While I was evidently fairly spot-on with regards to the audience (at least the people we sat around) and couldn't recommend that anyone intentionally drive in New Orleans, the monster trucks had a certain "raw power" appeal to them. And, as I was to find out, the Monster Jam
is not just monster trucks; sure, that's the main event, but there's other interesting things to see. There's four-wheeler races, a races that's half race, half demolition derby whereby people jump into junked-out, specially race-prepped cars and then race around a figure-8 race track, banging opponents out of the way in their scramble to win... before their cars give out completely on them. There's some fancy driving of remote-controlled scale models of off-road vehicles, performed by local enthusiasts. There are hot, scantily clad girls posing with the winners of the events, at the winners' throne. Additionally, at about "halftime," there was a competition to see who could do the best at the new Monster Jam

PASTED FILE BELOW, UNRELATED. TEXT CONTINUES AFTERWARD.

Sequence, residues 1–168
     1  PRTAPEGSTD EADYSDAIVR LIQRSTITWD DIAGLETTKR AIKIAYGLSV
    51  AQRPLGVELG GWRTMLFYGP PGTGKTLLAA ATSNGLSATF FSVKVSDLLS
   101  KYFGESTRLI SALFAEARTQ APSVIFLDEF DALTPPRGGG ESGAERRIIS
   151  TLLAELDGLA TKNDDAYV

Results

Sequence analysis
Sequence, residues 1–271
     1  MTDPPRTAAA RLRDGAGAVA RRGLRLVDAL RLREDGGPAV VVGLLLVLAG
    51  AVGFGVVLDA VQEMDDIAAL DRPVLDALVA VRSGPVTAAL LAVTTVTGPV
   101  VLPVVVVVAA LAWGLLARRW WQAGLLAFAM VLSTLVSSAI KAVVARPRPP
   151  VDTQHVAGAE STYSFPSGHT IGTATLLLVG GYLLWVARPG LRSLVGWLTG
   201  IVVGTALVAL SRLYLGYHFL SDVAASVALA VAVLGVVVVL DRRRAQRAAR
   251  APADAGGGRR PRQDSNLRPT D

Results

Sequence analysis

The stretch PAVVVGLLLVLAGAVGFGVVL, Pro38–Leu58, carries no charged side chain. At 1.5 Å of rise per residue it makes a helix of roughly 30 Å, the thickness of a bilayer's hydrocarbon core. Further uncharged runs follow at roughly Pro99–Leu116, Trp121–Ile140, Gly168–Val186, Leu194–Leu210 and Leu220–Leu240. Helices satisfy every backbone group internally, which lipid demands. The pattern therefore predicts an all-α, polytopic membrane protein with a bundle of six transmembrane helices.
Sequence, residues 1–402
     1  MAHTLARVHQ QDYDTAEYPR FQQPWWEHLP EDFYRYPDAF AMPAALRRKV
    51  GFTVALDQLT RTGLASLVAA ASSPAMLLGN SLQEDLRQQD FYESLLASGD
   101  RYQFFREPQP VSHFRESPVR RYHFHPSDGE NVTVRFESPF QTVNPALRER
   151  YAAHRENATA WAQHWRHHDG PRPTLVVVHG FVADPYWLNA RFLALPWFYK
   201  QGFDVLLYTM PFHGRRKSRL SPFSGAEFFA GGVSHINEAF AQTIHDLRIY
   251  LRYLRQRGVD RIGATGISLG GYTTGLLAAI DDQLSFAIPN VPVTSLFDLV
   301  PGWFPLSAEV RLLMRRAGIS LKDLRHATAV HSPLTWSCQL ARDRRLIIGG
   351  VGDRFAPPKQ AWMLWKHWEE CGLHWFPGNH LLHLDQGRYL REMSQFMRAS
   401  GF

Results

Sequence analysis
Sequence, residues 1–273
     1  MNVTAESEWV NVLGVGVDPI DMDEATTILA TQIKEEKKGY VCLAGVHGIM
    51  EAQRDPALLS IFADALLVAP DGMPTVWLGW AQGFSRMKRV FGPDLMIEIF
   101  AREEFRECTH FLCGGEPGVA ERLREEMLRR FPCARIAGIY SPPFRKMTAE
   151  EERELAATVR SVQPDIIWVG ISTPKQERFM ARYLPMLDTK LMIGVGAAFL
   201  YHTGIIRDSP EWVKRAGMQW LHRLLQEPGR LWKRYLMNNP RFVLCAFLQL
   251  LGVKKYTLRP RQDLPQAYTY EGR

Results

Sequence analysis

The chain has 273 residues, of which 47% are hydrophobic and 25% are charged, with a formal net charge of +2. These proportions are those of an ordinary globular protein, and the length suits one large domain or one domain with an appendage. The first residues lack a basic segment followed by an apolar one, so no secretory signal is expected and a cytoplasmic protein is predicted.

videogame. I was surprised by the fact that there was pretty much something for everyone... as long as they have a pulse.
It seemed like everything that really seemed awesome at the Monster Jam was somehow related to "Grave Digger." The most amazing freestyle performance was given by the monster truck by the name of "Grave Digger." The beater car that I put a GameVortex logo on and that went on to win its heat in the demolition-style racing also went by that name; I'm not sure if the car actually had anything to do with the real Grave Digger, but the markings were very similar. And one of the new drivers - who drove Taz (Adam Anderson) and gave an amazing performance - is the son of the man-behind-the-truck, Dennis Anderson.